According to the Financial Times, Tsai Ing-wen wanted Taiwan to strengthen its strategic partnership with the US, and she had previously promised to “refrain from extreme or radical approaches" to differentiate herself from Chen Shui-bian, the former DPP President. However, Tsai's visit to Washington, D.C. obviously did not persuade the White House that she could maintain the improved cross-Strait relations.
A US official said that while Tsai Ing-wen understood the need "to avoid gratuitous provocations" of China, it was "far from clear… that she and her advisers fully appreciate the depth of [Chinese] mistrust of her motives and DPP aspirations."
Thus, the article invites us to treat the anonymous official's words as the Administration's real thoughts, while State issues the usual and expected denials which we duly dismiss. What a fun game!
Of course, keep in mind that until we have a name, we don't even know that the anonymous US official who said these things actually exists and actually said them. Which is why AP's report on the KMT's inevitable use of the comments refers to an American official "allegedly" making the comments.
It's just sick. I'd write more on the topic, but Greenwald said it better than I ever could, and besides, I'd have to stop and take a shower.
Meanwhile, more fun in the presidential race as James Soong campaign asked for papers to file for the presidential race. The nationwide signature drive kicks off this monday, the 19th.
UPDATE: The Nelson Report, the Washington insider report, wrote of the FT propaganda hack:
Discussion of the FT story and its implications, including the policy community informal discussions generated, come below. But we can report that the nature of the quote volunteered to the FT, and the pointed denunciation of the source by State Department officials, have been "read" by the policy community as leaving little doubt that the call to the FT was authorized by senior White House officials, whether working through NSC staff, or whether made directly, being immaterial.____________________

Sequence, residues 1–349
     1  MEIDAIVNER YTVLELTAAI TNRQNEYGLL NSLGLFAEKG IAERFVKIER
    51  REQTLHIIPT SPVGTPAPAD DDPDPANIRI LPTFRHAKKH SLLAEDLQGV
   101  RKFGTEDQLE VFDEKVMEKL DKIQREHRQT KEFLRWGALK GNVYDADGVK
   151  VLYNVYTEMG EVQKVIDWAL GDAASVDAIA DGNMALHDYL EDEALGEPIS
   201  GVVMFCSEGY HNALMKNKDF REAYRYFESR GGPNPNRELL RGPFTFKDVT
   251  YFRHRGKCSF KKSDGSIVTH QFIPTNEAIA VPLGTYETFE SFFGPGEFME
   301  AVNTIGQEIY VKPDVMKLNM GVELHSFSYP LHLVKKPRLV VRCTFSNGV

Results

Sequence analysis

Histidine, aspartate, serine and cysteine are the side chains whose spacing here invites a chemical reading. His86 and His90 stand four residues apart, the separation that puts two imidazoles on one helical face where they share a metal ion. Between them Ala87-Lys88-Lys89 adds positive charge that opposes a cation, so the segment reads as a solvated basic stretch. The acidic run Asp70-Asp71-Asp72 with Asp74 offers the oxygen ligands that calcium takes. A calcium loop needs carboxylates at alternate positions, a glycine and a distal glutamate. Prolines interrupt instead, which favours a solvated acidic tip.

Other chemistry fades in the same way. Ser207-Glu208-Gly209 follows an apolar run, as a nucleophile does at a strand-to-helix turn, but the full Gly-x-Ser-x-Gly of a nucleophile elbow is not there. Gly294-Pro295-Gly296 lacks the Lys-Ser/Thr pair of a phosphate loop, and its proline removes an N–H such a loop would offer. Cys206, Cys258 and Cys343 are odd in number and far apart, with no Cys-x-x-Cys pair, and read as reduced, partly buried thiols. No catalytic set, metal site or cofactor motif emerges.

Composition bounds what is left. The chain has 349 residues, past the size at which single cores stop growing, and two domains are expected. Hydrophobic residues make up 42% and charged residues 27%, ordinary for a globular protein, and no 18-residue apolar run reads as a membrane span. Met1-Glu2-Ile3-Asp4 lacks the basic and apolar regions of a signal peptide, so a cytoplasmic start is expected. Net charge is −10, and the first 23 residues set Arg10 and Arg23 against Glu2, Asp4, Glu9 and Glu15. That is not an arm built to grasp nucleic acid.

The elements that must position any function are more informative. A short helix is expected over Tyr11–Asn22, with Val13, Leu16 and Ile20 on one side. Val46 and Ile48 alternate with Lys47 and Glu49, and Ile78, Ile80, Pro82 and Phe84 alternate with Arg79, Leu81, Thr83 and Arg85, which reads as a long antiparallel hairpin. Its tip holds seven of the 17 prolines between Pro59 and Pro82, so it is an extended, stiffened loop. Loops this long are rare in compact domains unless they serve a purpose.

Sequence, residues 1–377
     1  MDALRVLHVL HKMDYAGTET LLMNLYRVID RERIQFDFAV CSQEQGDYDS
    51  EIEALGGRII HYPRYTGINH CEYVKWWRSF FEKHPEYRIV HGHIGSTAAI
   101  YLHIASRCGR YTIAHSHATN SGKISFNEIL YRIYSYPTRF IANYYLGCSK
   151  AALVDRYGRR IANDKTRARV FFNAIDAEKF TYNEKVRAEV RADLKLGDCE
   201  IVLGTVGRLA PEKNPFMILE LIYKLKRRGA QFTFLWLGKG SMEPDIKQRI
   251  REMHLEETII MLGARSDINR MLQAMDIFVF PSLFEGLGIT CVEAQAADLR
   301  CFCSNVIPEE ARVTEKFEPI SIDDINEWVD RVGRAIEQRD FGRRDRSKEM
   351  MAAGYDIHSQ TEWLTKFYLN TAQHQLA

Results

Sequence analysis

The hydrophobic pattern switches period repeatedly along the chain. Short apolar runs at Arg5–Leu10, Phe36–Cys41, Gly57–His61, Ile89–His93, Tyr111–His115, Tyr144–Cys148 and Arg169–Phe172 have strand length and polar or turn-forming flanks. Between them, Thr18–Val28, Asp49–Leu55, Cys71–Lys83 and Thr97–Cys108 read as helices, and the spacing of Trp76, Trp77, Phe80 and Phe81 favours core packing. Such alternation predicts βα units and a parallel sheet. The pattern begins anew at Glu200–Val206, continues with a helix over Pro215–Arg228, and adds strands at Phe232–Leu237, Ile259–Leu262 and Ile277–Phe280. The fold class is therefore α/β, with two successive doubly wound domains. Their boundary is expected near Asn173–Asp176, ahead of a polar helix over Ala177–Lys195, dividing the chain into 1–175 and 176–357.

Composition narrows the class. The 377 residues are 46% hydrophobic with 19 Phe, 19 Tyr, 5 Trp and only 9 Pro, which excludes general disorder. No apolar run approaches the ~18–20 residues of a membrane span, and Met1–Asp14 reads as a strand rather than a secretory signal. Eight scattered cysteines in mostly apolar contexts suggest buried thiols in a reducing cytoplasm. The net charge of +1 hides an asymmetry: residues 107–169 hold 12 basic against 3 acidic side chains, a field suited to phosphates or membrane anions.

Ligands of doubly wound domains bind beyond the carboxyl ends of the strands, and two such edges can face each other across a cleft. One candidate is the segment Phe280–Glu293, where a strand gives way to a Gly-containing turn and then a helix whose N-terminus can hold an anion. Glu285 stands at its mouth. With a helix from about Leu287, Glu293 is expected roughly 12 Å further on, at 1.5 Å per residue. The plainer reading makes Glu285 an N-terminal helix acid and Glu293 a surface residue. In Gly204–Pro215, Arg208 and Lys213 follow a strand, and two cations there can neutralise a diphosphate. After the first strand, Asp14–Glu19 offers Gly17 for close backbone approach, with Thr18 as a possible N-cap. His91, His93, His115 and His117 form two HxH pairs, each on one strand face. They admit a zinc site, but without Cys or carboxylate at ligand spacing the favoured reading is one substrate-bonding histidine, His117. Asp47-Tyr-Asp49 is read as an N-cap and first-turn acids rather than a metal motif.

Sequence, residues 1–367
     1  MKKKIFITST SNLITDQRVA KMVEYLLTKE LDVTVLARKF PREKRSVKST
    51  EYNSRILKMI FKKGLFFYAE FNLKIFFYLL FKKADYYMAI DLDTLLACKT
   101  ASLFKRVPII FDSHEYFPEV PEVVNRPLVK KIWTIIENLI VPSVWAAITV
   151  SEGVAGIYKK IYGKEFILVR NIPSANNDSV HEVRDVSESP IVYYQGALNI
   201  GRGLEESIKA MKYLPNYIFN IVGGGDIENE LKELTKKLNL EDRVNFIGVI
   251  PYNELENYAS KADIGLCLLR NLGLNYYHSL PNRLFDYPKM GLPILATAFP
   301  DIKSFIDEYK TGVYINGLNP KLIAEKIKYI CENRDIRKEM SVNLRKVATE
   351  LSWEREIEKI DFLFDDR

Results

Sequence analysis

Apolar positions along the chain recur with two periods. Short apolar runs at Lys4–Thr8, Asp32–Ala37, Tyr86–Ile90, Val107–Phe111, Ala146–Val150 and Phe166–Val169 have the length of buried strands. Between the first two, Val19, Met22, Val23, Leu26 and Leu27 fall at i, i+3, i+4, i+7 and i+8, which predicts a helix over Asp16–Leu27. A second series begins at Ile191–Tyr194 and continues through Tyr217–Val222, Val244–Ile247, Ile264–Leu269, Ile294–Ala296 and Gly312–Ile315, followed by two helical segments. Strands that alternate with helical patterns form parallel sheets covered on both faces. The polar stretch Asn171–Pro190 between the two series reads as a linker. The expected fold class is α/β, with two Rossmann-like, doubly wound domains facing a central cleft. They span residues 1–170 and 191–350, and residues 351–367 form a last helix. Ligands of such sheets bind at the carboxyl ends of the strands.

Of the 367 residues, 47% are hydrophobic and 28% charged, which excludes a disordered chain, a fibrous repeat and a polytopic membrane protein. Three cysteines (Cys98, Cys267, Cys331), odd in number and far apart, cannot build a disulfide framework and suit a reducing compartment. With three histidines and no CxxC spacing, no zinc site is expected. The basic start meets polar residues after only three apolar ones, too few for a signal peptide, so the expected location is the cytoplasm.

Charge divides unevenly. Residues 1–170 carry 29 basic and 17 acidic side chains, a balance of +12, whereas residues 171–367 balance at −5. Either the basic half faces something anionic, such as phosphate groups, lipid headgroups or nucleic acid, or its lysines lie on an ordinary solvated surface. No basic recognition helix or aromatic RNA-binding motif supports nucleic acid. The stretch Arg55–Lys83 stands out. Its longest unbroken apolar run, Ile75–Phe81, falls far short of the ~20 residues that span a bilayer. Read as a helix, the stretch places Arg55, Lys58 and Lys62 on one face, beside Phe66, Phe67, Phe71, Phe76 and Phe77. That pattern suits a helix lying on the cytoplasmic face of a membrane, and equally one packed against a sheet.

Further, informed observers long aware of the highly personal, often bitter animosity existing between senior White House officials and senior Asia players at State feel that situation can be seen in both the statement to the FT, and State's rebuttal.
And it may be that State's denial also reflects that by the end of last year the problems, which began in 2009, had deteriorated to the point that White House-enforced "gag orders" had not only been put into effect, but that fact was "leaked" to concerned observers.
Some readers not aware of all this may seek to contact sources in the White House and/or State, and it may be that if they are honest with you, they will confirm the situation. If they don't, they are not telling you the truth, and you might want to indicate your displeasure, if that matters to you.
Whether admitted or not, it is legitimate to ask if the situation has had and/or will have a deleterious effect on foreign policy formulation and execution writ large, and not only for Asia. We will simply note that the "senior Administration official's" decision to call the FT raises these questions to that level, sources today agree.
- DPP Candidate Tsai Ing-wen's visit to the US: Congressional Reception video
- Julian Baum's opinion piece in the Christian Science Monitor on how Taiwan's democracy continues to prevail.
- Meanwhile, the bad news rolls in as the Washington Times reports, for the zillionth time, that the Obama Administration is only giving Taiwan upgrades for its F-16s. I think it's time for me to find a new lost cause.
- China consolidates grip on rare earths market
- An amusingly garbled account of Taiwan's miracle economy from an African perspective.
[Taiwan] Don't miss the comments below! And check out my blog and its sidebars for events, links to previous posts and picture posts, and scores of links to other Taiwan blogs and forums! Delenda est, baby.